Glen David Gold obviously has no problem embracing the big picture. His meaty historical fiction Sunnyside takes in World War I and the concurrent rise of commercial Hollywood, the interlocking strands of capitalism and communism, entrepreneurship both legal and illegal, and the illusory nature of romance as seen through the episodic travails of a slew of protagonists, including (as if small thinking was banished altogether from the novel's panorama) Charlie Chaplin -- whose 1919 short film Sunnyside lends the novel its title. But aiming big and actually achieving the big payoff isn't an assured equation.
As in his lauded debut, Carter Beats the Devil, Gold draws inspiration from the early decades of the 20th century, a period of seemingly inexhaustible riches for, yes, an ambitious author. And like Carter, Sunnyside has few qualms about incorporating actual personages, both famous and obscure, while playing loose with hard-and-fast facts. Not that the true saga of Leland Duncan is such a part of our national identity that the division between reality and fiction comes deeply into play. Duncan, the man who found and trained Rin Tin Tin, the greatest of all Hollywood animal stars, is but one of many characters in this novel who are drawn to the call of the silver screen. Although their paths may or may not cross, Duncan joins a host of others -- the pioneering film theorist Hugo Munsterberg, actors Douglas Fairbanks and Mary Pickford, Secretary of the Treasury William McAdoo, and Field Marshal William Edmund Ironside (to name just a few of the bona fide historical figures) -- who are caught up in the inexorable pull of twin engulfing presences: the movies and the war.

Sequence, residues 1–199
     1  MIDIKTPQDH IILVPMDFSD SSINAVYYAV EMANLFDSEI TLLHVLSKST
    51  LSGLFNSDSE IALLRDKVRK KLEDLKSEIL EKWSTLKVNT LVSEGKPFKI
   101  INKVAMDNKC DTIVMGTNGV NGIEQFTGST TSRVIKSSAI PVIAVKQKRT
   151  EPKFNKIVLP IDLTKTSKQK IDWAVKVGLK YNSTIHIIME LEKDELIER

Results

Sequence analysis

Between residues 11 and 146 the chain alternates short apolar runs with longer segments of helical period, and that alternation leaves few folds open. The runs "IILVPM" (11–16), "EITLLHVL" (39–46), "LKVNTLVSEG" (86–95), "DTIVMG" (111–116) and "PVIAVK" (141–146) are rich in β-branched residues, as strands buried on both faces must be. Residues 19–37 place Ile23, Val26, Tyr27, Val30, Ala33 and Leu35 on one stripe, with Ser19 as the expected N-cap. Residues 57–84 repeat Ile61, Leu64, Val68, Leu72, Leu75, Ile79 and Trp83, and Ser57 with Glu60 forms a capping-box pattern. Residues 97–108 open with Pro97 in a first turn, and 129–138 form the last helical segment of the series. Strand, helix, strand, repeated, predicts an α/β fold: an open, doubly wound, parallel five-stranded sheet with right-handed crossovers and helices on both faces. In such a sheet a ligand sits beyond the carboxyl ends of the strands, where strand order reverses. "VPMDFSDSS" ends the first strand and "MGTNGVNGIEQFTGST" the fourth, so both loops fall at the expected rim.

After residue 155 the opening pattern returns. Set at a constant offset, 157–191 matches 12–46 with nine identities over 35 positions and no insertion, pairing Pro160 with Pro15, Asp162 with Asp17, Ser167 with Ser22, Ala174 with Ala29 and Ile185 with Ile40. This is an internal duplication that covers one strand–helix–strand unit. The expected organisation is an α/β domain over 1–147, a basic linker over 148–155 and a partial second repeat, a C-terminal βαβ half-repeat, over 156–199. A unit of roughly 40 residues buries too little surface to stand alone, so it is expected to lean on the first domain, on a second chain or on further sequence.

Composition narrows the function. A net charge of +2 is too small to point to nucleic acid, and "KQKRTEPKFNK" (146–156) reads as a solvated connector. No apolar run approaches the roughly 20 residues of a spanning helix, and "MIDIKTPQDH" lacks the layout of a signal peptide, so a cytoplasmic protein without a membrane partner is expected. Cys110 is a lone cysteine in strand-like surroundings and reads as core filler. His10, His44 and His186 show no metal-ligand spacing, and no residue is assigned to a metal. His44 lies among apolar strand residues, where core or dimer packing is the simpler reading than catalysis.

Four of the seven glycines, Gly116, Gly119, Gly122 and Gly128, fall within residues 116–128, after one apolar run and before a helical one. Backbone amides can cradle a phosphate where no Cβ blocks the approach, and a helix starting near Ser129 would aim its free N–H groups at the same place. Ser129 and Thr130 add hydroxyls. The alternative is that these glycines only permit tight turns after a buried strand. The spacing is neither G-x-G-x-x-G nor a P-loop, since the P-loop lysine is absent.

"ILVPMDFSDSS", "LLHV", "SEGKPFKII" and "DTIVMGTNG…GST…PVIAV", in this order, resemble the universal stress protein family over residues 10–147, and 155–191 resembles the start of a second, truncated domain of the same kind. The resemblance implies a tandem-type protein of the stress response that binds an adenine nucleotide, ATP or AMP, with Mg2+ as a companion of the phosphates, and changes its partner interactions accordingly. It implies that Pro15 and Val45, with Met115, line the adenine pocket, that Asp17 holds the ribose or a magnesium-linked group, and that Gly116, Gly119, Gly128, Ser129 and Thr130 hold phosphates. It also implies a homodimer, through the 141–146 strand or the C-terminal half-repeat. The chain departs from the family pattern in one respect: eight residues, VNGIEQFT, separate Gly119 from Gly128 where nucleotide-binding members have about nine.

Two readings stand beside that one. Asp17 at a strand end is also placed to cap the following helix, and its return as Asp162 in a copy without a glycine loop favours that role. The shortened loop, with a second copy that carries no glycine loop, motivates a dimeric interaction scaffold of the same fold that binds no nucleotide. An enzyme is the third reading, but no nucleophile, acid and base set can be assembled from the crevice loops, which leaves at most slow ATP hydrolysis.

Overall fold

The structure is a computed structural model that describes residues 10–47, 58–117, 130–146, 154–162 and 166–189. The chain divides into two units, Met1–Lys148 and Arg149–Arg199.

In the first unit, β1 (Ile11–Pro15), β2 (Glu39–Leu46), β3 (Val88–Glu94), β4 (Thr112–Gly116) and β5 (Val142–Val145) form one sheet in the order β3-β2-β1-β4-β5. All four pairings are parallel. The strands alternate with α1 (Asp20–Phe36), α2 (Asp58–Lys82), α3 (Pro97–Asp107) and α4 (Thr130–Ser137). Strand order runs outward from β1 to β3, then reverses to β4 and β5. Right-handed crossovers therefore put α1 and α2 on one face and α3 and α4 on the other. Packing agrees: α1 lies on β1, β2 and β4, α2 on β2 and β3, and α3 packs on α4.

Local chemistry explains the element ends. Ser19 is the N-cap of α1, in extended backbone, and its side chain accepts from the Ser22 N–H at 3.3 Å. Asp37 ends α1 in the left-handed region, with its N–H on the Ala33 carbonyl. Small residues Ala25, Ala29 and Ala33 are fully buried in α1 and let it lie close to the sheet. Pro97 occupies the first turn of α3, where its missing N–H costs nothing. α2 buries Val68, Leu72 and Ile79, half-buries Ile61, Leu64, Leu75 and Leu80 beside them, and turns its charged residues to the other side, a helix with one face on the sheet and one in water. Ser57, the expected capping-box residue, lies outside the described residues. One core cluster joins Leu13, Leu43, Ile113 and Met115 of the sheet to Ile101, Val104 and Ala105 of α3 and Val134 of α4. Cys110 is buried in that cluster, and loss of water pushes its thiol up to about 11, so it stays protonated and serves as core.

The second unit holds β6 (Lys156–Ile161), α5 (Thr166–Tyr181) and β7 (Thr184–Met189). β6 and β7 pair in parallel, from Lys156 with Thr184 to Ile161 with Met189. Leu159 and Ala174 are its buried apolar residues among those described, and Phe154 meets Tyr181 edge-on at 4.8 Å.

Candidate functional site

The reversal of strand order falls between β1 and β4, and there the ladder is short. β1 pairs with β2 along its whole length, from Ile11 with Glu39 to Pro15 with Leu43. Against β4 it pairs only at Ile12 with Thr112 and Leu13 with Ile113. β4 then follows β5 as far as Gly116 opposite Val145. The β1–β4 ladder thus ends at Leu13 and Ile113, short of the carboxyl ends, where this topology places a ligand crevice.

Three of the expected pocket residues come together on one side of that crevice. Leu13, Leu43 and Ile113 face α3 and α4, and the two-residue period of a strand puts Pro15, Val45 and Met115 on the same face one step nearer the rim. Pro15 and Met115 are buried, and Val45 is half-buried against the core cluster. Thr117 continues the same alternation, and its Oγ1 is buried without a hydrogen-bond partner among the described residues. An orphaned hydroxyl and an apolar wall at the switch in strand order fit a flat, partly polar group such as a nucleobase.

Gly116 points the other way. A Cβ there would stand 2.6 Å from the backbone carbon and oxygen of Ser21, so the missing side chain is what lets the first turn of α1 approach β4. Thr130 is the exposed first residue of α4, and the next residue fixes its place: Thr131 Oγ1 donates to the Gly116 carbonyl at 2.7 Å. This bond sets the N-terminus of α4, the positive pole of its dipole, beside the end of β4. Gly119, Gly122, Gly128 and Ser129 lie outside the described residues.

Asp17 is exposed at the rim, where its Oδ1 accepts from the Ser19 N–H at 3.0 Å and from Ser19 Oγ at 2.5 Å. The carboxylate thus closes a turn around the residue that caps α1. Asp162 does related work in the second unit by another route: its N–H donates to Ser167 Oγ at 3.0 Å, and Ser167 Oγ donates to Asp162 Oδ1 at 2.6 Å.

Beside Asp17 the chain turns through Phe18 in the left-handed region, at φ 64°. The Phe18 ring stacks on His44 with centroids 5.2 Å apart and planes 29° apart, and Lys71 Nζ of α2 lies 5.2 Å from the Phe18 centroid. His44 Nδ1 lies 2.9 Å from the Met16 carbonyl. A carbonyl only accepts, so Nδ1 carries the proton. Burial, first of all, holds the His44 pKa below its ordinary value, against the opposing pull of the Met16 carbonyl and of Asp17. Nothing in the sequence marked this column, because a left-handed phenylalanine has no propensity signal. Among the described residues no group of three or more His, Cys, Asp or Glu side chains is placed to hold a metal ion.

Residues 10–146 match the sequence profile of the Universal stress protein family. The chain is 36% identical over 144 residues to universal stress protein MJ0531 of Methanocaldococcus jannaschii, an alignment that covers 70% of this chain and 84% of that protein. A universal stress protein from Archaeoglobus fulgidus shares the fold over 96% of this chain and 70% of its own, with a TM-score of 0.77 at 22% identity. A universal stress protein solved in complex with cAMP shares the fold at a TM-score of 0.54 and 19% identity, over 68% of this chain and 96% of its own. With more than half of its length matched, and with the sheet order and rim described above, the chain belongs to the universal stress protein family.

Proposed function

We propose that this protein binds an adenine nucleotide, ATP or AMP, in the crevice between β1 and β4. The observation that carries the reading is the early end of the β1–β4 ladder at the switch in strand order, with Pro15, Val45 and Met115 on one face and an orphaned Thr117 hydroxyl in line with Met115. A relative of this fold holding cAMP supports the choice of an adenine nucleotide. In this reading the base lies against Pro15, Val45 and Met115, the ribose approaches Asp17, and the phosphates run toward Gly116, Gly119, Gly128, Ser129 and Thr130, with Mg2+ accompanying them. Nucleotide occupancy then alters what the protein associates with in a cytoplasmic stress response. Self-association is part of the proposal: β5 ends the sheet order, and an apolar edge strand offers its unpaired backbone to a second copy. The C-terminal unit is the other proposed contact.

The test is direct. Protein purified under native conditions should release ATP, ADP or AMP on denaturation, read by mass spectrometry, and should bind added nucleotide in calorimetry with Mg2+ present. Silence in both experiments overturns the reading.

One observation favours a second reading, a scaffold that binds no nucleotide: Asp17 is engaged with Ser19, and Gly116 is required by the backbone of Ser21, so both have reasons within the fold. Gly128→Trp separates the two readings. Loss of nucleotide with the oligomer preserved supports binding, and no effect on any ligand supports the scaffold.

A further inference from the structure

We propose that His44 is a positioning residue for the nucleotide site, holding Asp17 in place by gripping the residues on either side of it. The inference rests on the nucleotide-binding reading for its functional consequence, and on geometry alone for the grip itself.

Five hundred and fifty pages allow Gold plenty of room to thicken his expansive plots and wrap his lustrous prose over a narrative vista that keeps unspooling like endless footage from a phantom film projector. Public riots, Wild West shows, jewelry heists, Byzantine business transactions, blundering military campaigns, illicit romances, join domineering mothers, whores, moronic soldiers, and visionary filmmakers, not to mention puppies and children, in a consistently entertaining, and often moving, series of tales that unfortunately feels naggingly just like that: a series of independent and self-contained vignettes rather than a monumental, unified novel. You can bask in Gold's fine-tuned words:
If in July 1914, you asked the average Berliner which was coming first, rain or war, he might look to the slate-colored sky and note that at least no rain was expected today. With countries lining up to defend each other from blows no one had yet inflicted, all the countries of Europe were like children at the dinner table, waiting for Father to get the belt.
But time and again, after successfully luring us in with the engrossing situation of one of his major characters, Gold scoots us off to look in on another of his lesser cast members.